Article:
Advertisement
Simon Galloway Photography

Glass Microbiology at the At-Bristol Science Centre

23 February 2017 | London Calling

The city’s most popular science centre, At-Bristol is now showing a unique fusion of science and art in the new Glass Microbiology exhibition, created and designed by local Bristolian, Luke Jerram.

Walking into a black exhibition room, there are six models lit up on podiums. These are the works of Luke Jerram, an artist who has not let being colour-blind hold him back, and who has decided to put his mind to turning deadly pathogens into unique sculptures. These beautiful works of art are in fact simulations of the causes of millions of peoples’ deaths. In the hands of Jerram they are turned into an unmissable beauty.
 
The sculptures were made in collaboration with virologists from the University of Bristol, along with glassblowers Brian Jones and Norman Veitch. This team of specialists spent countless hours, planning, designing and making the models, most of which are close to a million times larger than their real life counterparts. A projected video accompanying the exhibit shows how the sculptures are made, and the intricate work Jerram and his team have put in is obvious to see.

Glass Microbiology by Luke Jerram_credit Simon Galloway Photography
Unintitled Future Mutation. Glass Microbiology by Luke Jerram. Photo Credit: Simon Galloway Photography
 
The sculptures include replicas of the Zika virus, HIV virus, Malaria parasite, and even an "Untitled Future Mutation" which Jerram anticipates may be yet to come. This foreboding piece is the most original, with the spikes coming out at every angle of its spherical body, alluding to its danger and to the potentially negative impacts it may have on our society. Jerram puts our mind at ease, however, at the exhibition’s interactive board – not all viruses are necessarily bad, and this may potentially benefit us.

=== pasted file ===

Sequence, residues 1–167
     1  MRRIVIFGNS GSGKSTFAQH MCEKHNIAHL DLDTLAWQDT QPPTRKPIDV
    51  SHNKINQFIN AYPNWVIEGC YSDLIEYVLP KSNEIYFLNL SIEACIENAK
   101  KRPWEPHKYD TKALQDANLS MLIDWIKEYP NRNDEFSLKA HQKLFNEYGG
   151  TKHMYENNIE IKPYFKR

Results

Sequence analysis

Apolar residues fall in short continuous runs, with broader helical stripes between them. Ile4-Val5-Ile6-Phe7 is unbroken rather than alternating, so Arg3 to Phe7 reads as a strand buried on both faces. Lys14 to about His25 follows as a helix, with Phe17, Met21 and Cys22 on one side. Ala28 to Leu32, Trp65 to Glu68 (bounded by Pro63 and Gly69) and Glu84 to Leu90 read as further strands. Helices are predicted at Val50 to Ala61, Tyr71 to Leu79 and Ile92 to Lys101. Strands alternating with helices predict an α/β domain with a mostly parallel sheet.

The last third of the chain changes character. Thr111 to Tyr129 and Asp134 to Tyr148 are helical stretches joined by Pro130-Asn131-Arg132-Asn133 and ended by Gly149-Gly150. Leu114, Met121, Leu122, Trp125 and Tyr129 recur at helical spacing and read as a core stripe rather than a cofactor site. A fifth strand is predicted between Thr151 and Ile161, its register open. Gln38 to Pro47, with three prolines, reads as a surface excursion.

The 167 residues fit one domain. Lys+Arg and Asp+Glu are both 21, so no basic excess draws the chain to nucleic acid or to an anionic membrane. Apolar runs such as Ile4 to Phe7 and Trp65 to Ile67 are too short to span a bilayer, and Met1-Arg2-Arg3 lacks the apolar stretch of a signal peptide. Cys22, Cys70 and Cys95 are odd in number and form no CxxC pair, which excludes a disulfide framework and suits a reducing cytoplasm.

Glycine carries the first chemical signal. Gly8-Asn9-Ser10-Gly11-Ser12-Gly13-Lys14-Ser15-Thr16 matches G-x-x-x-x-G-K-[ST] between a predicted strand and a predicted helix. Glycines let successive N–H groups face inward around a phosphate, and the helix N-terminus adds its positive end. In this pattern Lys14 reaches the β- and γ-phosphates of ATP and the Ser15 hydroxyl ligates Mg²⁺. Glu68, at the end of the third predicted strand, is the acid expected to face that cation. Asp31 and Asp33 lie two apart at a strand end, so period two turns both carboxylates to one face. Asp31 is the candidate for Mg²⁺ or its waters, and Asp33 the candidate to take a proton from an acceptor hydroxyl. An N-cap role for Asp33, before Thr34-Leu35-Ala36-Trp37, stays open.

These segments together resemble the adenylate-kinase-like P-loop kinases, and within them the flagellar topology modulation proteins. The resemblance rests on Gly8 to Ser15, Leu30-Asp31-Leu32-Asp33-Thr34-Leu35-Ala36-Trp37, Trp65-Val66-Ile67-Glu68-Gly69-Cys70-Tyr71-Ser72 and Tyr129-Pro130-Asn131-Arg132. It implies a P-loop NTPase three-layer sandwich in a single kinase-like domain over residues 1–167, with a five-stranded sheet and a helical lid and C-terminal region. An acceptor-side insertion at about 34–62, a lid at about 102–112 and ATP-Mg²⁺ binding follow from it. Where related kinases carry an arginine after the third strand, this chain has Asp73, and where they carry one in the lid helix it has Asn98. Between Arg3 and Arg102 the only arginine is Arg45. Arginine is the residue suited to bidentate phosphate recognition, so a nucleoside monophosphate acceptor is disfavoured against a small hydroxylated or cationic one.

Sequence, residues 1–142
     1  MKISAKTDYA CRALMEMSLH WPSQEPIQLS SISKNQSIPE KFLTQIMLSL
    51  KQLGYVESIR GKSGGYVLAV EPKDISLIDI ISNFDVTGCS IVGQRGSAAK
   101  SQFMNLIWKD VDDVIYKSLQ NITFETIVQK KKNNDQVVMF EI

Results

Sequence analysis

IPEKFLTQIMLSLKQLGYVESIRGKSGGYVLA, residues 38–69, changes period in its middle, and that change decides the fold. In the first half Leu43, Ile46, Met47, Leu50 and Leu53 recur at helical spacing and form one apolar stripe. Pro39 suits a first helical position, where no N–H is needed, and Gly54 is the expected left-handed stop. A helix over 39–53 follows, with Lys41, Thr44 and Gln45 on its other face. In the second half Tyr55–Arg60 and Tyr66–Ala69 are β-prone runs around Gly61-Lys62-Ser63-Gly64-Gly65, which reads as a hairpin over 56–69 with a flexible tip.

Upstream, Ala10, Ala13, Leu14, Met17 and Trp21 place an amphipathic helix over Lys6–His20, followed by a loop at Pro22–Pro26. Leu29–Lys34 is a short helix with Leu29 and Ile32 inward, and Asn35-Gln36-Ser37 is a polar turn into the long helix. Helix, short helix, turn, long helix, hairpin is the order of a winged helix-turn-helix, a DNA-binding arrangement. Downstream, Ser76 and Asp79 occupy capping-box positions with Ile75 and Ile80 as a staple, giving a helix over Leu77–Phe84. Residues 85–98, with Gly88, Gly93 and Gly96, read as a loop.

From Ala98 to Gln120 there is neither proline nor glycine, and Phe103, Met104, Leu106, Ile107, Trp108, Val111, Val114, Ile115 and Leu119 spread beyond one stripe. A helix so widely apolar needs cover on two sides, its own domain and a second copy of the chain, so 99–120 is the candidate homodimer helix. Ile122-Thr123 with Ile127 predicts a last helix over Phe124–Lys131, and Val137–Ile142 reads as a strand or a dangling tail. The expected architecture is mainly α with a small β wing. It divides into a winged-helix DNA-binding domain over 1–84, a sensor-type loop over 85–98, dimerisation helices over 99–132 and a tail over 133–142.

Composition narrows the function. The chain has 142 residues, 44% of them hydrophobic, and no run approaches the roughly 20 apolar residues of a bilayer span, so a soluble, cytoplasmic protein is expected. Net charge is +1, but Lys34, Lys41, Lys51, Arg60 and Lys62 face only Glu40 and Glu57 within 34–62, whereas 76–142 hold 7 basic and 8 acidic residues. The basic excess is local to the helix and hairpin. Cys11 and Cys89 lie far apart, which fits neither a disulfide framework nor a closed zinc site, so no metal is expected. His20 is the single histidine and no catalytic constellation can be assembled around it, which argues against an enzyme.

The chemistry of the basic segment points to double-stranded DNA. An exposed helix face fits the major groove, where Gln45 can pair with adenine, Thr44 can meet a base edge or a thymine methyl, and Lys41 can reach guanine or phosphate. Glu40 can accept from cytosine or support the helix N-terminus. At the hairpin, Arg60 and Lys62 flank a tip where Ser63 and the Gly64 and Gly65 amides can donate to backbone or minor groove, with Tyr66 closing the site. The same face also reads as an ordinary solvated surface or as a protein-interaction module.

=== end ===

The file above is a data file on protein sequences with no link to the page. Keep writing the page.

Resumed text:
The other models in the exhibition continue to be relevant to modern society, raising awareness for a variety of different illnesses. The most striking model is the Malaria parasite, a particularly complex structure to look at with a large amount of glass inside the body of the model. Close to this is the sculpture of the EV 71 Hand, Foot and Mouth virus, which consists of a series of interlinked triangles.

LUKE_JERRAM_GLASS_MICROBIOLOGY_AT-BRISTOL_credit Brad Wakefield (10)
Photo Credit: Brad Wakefield
 
The gallery also includes a framed letter from someone who had previously visited the exhibition. The writer describes the touching experience of seeing the model of the HIV virus, claiming “it’s a very odd feeling seeing my enemy, and the eventual likely cause of my death, and finding it so beautiful.” It’s an impression lots visiting the exhibition will empathize with. At the end of the exhibition, both adults and children have a chance to write a letter to Jerram himself. It’s proved a really popular addition with lots of envelopes stuck to a pin-board.
 
Having received the 25th Rakow Award for the series from The Corning Museum of Glass, Jerram’s brilliant works are not to be missed. With sculptures fusing science, art and humanity together in such a simple yet captivating way, this exhibition is a must-see for all of those interested in appreciating the small, yet mighty, wonders of the world.
 
At-Bristol Science Centre are showing this exhibition until the 4th September, find more information on their website.
Advertisement

Most popular

Five places to discover the world of Charles Dickens in London
Five places to discover the world of Charles Dickens in London
Advertisement
Where to Eat Mussels in London
Where to Eat Mussels in London
Advertisement
The Best Theatre in London Right Now
The Best Theatre in London Right Now
Advertisement
The Best Exhibitions in London Right Now
The Best Exhibitions in London Right Now
The Best Upcoming Gigs in London
The Best Upcoming Gigs in London
The Best Comfort Food in London to Warm You Up This Winter
The Best Comfort Food in London to Warm You Up This Winter

Your inbox deserves a little culture! Get our monthly newsletter

Advertisement